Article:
1. 1

          I've seen unleash! Unfortunately it wasn't a good fit for my team, so we ended up building our own solution. I'm sure it could be helpful for some other teams though! Specifically if you:

          1. Don't need extensive targetting rules

          2. Willing to take on maintenance / hosting costs

          3. Don't need a distributed CDN solution (increased latency to determine if a flag is on/off)

          I'd love to learn more about how long it took you to setup Unleash and how it's been working for you! Just sent you an email!

  5. 1

    It's useful, but you REALLY need the data throughput. I've made the mistake in the past of basing decisions of A/B tests with hundreds of samples, but you really need thousands to make it authentic.

    A coin will land heads 10 times in a row from time to time, after-all.

    1. 1

      Have you used A/B Testing (split testing) as a means of safer deployments? Often A/B tests aren't effective in the context you're talking about, BUT they are excellent tools in your deployment process.

      Let's say you have a new refactor or feature build. You want to push it to production but your staging environment isn't fully consistent. You want to deploy it, but it's a bit risky.

      Try out an A/B test! Roll it out to 10% of your users, your most loyal users, or your beta users. Test it (in production) on a subset of your user base and then roll it out to everyone once you see it working in action! It's a best practice used by the likes of FB, Twitter, and AirBnB and I'm actually building a product that allows developers & PMs to implement this with one line of code and completely controllable from a dashboard.

      Let me know if you want to try it out!

      1. 1

        I haven't, but truthfully I've never worked in an environment where we'd have enough users to break them into a meaningful cohort to try something like that.

        But I totally support that approach. It's pretty rad.

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          Yeah definitely. Maybe I can run a different scenario by you. This one is one of my personal favorites :)

          Staging environments are often inconsistent with production but you want your new features to be tested in an environment as close to production as possible.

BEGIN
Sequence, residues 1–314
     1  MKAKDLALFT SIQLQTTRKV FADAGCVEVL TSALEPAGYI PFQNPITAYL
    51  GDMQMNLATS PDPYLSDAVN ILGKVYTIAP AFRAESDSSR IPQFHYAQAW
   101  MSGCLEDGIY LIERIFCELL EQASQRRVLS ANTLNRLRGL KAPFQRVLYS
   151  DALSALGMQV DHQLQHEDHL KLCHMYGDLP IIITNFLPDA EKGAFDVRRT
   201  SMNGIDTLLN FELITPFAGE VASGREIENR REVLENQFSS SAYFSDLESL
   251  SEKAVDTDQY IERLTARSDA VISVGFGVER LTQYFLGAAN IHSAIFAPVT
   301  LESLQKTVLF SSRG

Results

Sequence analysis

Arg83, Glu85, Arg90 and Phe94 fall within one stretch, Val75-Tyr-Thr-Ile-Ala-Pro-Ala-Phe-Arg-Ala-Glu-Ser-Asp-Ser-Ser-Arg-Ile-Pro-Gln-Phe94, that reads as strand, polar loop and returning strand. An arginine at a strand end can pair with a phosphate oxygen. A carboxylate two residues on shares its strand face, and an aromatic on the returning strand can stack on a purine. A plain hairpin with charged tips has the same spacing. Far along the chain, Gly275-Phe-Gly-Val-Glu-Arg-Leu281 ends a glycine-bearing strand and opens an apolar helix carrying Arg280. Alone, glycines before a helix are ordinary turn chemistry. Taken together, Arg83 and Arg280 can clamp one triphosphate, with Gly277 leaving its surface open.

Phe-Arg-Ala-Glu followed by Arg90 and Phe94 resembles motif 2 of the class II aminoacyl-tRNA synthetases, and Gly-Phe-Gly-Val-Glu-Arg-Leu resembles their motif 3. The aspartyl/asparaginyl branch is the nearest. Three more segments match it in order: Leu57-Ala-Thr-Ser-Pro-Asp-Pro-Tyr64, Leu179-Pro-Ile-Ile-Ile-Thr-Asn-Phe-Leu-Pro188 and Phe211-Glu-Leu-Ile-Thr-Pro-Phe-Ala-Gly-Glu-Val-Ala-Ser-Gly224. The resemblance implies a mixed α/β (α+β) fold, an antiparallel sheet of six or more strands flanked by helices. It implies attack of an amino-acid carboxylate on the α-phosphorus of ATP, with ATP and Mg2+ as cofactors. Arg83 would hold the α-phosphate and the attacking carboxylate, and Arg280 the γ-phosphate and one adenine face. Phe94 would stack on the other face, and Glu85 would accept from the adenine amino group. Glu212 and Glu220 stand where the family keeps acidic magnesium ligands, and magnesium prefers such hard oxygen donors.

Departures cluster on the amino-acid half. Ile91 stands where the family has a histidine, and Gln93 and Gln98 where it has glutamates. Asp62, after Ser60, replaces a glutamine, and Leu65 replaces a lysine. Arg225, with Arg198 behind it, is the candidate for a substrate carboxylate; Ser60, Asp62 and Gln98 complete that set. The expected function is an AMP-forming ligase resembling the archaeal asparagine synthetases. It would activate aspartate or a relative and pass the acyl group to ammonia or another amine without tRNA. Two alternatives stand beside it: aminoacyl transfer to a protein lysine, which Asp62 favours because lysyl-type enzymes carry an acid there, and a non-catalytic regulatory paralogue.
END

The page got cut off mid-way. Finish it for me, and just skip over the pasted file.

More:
Why not just test it in production? Target the feature to only yourself, your team, or maybe even your ip address so the whole office can test with you but hide it from your users entirely. Test IN PRODUCTION, then roll it out to everyone (from a dashboard).

          I love this approach since it drastically speeds up the release cycle. Don't worry about your staging environment being different. Deploy. Test. Release (from a dashboard).

          p.s. you can also kill your feature in real-time if your code has any bugs.

          I've used this solution before and I've never felt safer pushing to production

  6. 1

    In the early days definitely focus on customer development and getting customers in the first place.

    But A/B testing is super important as well! Especially when you are running social media ads or ads in general then A/B testing is the only way to go. You can't find a good ad thats profitable to you without testing a bunch of different things.

    And even for landing pages and stuff like this it's the difference between getting 2% conversion or 8% - that could be a massive change for your business.

    But as I said - only if you have some leads coming your way anyway.

    1. 1

      100% couldn't agree more. At least in the context of A/B Testing. I see additional value though, more in the feature release process than the actual conversion optimization.

      I've built this solution a few times for previous companies. They needed feature flags, controlled releases, and split testing. So they can rollout new features to, say, 10% of users. Or their beta users. Or simply our engineering team to test new code in production. Then scale it out to the rest of your user base from a dashboard.

      Every time I've thought to myself "This isn't our core business", "This is just software plumbing", "We should just buy this". But all the solutions were way too expensive for startups.

      I'm trying to validate the market need for this internal tool. Coincidentally the same type of tool used by Facebook, Twitter, and Airbnb to launch new features.

      Hoping to get some thoughts from developers, product managers, and anyone that works in the startup space!